prechooler holding mom's handSince I am an itinerant speech therapist, one challenge in working with autistic kids, is inviting typical peers to the speech therapy session. Often, I start as their play partner, modeling, teaching and prompting appropriate social language as we play a game, use toy figures to create a story or read books. Older siblings can be a very effective play partner to raise the level of language and bring more depth to an activity but they aren’t always available, especially as school starts.

Last week I had two sessions with typical peers invited. One went particularly well because the little girl was strong in language. As I read our picture book and the little animals couldn’t get across the water, I said, “Let’s predict, how can they get across?” She immediately started to think of solutions, “Maybe they could get some sticks and build a bridge! Or they could get some wood and build a boat.” Then she looked at the picture and saw a leaf and predicted what happened in the story, “They could use the leaf to float across!” My little client with autism took it all in, listening to her proposed options. Then we played a board game and worked on taking turns, and using appropriate social language while playing. She added so much.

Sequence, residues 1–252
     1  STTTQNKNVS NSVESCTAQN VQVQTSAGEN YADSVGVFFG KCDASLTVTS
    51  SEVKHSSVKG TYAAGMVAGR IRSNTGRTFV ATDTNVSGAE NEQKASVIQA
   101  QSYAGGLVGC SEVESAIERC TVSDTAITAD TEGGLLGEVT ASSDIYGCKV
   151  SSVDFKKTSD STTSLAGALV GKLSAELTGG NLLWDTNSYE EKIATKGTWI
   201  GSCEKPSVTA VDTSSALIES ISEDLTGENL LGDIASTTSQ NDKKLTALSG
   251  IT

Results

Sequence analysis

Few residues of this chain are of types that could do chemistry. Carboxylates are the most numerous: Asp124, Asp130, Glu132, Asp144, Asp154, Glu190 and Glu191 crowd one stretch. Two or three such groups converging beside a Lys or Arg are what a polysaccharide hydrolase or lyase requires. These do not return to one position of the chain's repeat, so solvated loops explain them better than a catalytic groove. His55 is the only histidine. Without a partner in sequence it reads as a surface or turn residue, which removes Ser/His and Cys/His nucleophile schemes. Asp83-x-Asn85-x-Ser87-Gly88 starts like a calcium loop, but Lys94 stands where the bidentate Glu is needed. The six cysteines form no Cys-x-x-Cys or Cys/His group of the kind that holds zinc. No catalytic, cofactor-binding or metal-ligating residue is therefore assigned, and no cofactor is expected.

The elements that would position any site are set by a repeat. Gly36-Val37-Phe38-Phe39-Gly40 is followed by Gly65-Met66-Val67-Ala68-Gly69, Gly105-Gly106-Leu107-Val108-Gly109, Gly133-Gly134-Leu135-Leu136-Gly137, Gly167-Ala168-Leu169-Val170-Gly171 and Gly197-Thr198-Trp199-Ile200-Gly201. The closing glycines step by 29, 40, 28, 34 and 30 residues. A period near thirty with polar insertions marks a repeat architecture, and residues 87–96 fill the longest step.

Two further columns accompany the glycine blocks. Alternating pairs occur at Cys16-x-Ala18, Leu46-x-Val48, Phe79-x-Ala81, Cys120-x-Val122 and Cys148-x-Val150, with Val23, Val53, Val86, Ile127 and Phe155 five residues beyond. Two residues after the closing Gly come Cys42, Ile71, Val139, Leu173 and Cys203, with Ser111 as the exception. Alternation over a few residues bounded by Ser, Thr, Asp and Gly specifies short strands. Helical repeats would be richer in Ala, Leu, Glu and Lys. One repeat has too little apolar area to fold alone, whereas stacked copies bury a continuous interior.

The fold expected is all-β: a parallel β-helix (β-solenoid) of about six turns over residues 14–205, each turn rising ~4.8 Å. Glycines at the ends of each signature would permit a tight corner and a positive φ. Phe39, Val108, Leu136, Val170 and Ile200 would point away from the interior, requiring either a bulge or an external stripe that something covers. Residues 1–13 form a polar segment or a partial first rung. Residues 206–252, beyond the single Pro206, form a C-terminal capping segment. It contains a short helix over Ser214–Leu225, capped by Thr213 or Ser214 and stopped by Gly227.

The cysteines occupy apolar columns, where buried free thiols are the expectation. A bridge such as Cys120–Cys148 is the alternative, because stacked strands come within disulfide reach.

Other times, the “typical” peer can be more work than help in the session. I have had kids who are just interested in playing with the toys and not listening and contributing to the lesson. The other factor that can be difficult is getting parents of typical peers to agree to bring their child for the therapy session. Often the moms stay to see what we do and then feel comfortable dropping off their kids when they see that it is fun!